Conference will be dedicated to the question how to harness the historical visions of the non-alignment movement (NAM) in the light of the current global geopolitical situation. Another important question will tackle the legacy of culture in the spirit of NAM's internationalism and its potentials for the present day.
Naturally, these questions should not be considered as part of some kind of exoticism linked to the past, nor should they harbor nostalgia for the movement itself, for as we know, what many NAM states actually practiced was quite far from the principles the movement promoted. From today's perspective, the concepts of nation-states, identity politics, and exclusive national cultures, which appeared in the cultural political agendas of the time, can be seen as highly problematic. The concept of solidarity also needs to be treated with caution: with whom are we solidary, and how are we solidary? How can we avoid the “white savior complex”? And what should be done with the fact that Syria, Pakistan, Libya and most African states are still members of the NAM?
Nevertheless, the movement should not be forgotten in so far as it envisioned forms of politics that took as their starting point peoples and societies that had been forcibly relegated to the margins of the global economic, political and cultural system. The movement also proposed new models that “enabled people to live and not merely to survive” (Svetlana Alexievitch). The struggle against poverty, inequality, and colonialism in the world system, coupled with trans-national solidarity could be useful in a reconsideration of the history and legacies of the NAM today, at a time when colonialism has yet again become more than evident.
However, to truly reconsider the legacy of the NAM in the cultural framework of today more radical measures would need to be considered – not only on the declarative level, but on practical, applicative levels: on the level of governance, knowledge production and heritage. Next, it would be necessary to translate these new formats and concepts into the spaces of policymaking, not only into those of art and culture, but also in relation to the state, national welfare, and the mechanisms of public administration.
These are some of the topics planned for discussion at the conference.
Speakers: Fernanda Carvajal, Dóra Hegyi & Eszter Szakács,Tvrtko Jakovina, Joy Mboya, Vali Mahlouji, Vera Mey, Igor Štiks
More info: biographies and abstracts.
Monday, 27 May 2019, 6 p.m.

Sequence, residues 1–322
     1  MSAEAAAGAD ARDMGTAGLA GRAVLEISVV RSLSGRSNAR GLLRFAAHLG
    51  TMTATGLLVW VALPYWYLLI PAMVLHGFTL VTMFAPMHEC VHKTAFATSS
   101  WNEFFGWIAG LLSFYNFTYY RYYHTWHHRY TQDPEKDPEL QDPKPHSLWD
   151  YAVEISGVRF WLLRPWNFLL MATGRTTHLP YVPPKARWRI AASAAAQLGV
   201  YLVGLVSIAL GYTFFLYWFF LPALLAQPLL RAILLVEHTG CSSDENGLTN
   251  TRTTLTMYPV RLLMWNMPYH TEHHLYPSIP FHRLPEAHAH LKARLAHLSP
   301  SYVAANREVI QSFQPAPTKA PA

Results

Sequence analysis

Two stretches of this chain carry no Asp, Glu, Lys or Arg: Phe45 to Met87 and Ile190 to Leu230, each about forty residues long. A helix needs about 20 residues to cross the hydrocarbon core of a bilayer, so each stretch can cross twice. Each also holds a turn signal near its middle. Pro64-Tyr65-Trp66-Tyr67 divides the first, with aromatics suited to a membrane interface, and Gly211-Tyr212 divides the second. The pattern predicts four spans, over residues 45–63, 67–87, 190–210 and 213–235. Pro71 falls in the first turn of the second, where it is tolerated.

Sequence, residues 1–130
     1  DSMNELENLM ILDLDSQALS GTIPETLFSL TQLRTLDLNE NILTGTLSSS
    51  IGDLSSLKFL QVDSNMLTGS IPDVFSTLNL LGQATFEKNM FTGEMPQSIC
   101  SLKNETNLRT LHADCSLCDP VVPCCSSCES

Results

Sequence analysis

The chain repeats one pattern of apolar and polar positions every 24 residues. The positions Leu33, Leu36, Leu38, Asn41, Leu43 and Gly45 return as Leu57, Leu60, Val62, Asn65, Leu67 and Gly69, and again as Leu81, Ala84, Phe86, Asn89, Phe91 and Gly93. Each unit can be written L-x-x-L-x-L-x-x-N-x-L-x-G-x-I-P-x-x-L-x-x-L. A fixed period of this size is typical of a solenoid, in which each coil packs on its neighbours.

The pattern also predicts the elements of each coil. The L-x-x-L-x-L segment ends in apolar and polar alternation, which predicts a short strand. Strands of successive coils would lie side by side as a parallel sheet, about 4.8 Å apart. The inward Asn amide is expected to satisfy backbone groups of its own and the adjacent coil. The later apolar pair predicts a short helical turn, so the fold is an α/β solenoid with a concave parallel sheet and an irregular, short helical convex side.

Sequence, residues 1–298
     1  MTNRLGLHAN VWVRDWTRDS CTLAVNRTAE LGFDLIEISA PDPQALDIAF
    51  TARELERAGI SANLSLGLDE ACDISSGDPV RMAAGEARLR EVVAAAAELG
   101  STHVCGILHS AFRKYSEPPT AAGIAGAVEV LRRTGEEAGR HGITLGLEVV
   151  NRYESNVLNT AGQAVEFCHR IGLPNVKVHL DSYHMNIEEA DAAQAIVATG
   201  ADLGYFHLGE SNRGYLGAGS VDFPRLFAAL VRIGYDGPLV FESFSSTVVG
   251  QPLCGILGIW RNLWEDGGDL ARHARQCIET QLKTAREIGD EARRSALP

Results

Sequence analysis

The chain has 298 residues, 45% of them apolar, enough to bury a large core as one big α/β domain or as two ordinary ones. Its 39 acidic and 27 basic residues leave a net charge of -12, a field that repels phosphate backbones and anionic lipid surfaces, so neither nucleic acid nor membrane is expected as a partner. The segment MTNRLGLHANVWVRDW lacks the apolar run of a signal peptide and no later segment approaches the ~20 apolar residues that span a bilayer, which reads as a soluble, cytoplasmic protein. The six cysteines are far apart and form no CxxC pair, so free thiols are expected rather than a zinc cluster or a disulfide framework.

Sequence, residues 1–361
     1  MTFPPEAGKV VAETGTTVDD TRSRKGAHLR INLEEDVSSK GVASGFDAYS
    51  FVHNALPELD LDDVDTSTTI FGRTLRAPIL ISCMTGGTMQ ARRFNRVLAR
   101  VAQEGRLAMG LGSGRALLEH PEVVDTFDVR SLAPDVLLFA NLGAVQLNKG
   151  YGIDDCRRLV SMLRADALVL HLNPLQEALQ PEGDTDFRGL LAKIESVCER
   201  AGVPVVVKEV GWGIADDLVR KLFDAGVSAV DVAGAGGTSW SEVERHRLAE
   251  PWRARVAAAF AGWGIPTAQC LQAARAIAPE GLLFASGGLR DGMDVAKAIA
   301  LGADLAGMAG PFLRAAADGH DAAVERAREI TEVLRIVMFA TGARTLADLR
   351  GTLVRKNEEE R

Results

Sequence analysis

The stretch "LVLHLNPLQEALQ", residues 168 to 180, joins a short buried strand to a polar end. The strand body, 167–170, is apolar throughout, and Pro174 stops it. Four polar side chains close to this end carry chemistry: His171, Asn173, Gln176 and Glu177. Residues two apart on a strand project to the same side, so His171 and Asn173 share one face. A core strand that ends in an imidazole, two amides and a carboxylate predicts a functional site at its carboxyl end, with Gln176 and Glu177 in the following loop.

18:00 - 18:15 welcome by Zdenka Badovinac, director of the Moderna galerija and Bojana Piškur, curator of the exhibition Southern Constellations: The Poetics of the Non-Aligned
18:15 - 19:15 Tvrtko Jakovina: On the Relevance of Small Countries
How Yugoslavia discovered non-alignment and became the Third World leader, opening talk
Tuesday, 28 May 2019, 1:30 - 6:30 p.m.
13:30 - 14:00 Igor Štiks: The 21st-century Left and the Spectres of Yugoslav Socialism: Anti-Fascism, Non-Alignment, Self-Management and Multinational Federalism
14:00 - 14:30 Fernanda Carvajal: Traces to resist the present. Towards a non-aligned genealogy of the Southern Conceptualisms
14:30 - 15:00 Dóra Hegyi & Eszter Szakács: Mezosfera Magazine: A Proposition for a Pan-Peripheral Network
15:00 - 15:15 break
15:15 - 16:00 discussion moderated by Bojana Piškur
16:00 - 16:30 Vera Mey: Artistic Alignment in Southeast Asia: case studies exploring a "geographic horizon" of the art and visual culture of the region
16:30 - 17:00 Joy Mboya: Cultural Undertakings as acts of Nation Formation in Post-colonial African States: the case of The GoDown Arts Centre, Nairobi, Kenya
17:00 - 17:30 Vali Mahlouji: The Shifting Sands of Utopias
17:30 - 17:45 break
17:45 - 18:30 discussion, moderated by Tjaša Pogačar Podgornik
The conference is part of the Southern Constellations: The Poetics of the Non-Aligned exhibition and will be in English.
The conference is part of the larger project New Mappings of Europe, supported by the Creative Europe Programme of the European Union and including the collaboration of the Museum of Yugoslavia from Belgrade, the Academy of Fine Arts in Vienna and the Middlesbrough Institute of Modern Art, in addition to Moderna galerija.